But I started making referrals myself and I referred my child to the Early Intervention Program. And instead of being a peer that year, she was one of the multiple intensive needs children. Several months go by and my husband, who had at first thought that this condition would get better, it was a simple -- acute encephalopathy became chronic and Hannah started demonstrating several simple symptoms of classic autism, such as staring at lights, running in circles and looking at fans.

And when my husband saw this, his heart was broke. I -- he -- his whole life was going to change. He kept saying that it was going to be fine. It was going to get better. And it didn't. And I had -- I had told the early intervention team that when I came to them, I said, you know, I don't know any other word to describe them but autistic light.

But I as a nurse still didn't think she had autis because I'd never seen autism. In 13 years of nursing, I'd never seen an autistic child, not the ones I heard of in the books and read in movies. Never seen it. And so, I didn't know what to think. I started talking to them when Hannah was seeing them and I said, you know, what do you think she has, is it severe ADD, what is it? And they said, well Terry, you know what it is. You told us. And I looked at them and I said, what did I say? And they said, you told us she has autism. And I just looked at them and my heart just dropped to my feet.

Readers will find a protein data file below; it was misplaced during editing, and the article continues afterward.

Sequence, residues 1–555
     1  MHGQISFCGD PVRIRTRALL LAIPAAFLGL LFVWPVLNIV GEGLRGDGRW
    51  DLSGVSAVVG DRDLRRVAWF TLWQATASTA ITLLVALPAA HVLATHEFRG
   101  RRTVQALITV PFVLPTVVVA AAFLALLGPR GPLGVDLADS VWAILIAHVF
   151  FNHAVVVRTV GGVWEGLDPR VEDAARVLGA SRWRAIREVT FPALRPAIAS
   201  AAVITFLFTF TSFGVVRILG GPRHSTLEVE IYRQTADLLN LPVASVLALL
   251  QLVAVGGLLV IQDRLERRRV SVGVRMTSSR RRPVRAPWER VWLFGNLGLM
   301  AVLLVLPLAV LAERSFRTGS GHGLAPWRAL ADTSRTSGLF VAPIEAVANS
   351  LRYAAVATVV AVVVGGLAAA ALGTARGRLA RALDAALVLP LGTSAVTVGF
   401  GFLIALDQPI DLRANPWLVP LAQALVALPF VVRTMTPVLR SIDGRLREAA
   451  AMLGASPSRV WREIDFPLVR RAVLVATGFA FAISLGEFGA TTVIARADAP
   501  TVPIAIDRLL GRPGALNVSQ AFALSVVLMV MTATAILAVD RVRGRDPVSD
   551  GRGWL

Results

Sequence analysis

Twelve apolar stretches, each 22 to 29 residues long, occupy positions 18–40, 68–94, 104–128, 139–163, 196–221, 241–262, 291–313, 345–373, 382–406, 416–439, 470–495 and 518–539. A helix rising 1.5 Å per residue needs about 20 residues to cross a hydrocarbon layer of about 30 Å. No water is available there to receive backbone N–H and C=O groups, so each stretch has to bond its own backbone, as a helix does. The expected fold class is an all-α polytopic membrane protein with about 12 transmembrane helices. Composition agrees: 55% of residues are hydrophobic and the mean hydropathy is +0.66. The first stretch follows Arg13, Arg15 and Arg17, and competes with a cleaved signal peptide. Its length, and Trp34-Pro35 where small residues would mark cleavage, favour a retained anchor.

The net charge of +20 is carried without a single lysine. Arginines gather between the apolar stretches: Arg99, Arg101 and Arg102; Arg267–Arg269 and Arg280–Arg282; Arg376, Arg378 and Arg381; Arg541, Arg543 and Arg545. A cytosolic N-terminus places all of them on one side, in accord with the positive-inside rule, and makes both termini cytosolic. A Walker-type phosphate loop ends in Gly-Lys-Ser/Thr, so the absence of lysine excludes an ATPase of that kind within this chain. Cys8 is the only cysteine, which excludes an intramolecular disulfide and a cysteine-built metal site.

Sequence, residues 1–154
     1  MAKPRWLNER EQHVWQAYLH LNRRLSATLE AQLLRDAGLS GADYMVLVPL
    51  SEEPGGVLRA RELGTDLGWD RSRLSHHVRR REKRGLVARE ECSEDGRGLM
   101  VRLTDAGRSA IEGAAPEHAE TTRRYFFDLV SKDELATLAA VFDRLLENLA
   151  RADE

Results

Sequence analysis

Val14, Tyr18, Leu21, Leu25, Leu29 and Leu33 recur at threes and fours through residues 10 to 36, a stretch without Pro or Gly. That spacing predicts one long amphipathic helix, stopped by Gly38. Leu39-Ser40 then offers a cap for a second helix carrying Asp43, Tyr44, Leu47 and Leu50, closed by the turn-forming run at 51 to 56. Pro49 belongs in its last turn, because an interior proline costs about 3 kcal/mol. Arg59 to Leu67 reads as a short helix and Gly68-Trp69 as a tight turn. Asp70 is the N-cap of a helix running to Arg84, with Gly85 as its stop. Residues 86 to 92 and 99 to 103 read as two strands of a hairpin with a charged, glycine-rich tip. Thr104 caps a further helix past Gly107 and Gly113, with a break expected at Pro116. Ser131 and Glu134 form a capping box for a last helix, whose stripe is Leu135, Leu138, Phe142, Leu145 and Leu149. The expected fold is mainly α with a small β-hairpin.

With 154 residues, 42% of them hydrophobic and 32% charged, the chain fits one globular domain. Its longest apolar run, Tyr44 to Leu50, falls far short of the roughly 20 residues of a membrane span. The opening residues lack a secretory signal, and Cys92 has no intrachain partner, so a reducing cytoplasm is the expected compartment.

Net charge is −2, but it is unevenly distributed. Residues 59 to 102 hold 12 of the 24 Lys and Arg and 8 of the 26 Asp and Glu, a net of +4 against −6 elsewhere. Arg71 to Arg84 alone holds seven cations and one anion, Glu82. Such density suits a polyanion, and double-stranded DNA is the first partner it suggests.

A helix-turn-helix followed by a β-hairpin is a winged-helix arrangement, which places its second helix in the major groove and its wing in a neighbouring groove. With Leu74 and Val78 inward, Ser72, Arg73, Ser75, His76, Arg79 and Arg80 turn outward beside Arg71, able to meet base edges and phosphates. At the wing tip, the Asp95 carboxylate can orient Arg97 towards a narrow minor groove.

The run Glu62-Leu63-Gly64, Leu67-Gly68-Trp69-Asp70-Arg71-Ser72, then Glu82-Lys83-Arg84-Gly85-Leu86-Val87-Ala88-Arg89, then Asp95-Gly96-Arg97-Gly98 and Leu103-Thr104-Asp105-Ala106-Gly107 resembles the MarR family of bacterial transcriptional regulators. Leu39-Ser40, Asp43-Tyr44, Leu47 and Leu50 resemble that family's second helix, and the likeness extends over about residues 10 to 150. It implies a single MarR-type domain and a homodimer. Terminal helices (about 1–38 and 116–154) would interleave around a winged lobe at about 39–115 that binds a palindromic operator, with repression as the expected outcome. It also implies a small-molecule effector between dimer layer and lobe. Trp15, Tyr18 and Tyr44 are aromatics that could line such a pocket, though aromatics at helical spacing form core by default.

It's like -- it's one thing seeing a mother saying to somebody that they're worried about something. It's another having it confirmed back at me. And from that point on, I did not know what to think. And I had to get my husband involved because I wanted to know why my daughter who had been completely normal until getting nine vaccines in one day was suddenly no longer there, no longer verbal, no longer responding.

And so at that point, I had to have him intervene because it was going to be months down the road. As many autism parents know, there's not enough neurologists out there to see our children. There's not enough people specialized to see what's going on. And it's months and months and months for some people. And we had inside access. And I feel so sorry for the parents out there who do not have that inside access because I don't know how they do it.

So in any case, in January of 2001, I had to tell my husband, who was in his residency and was chief resident and was very busy with a grant that he was doing with the partner with the FCA, that he had to intervene and he had to get my child in early. I couldn't wait. I needed to know what was wrong. And he did.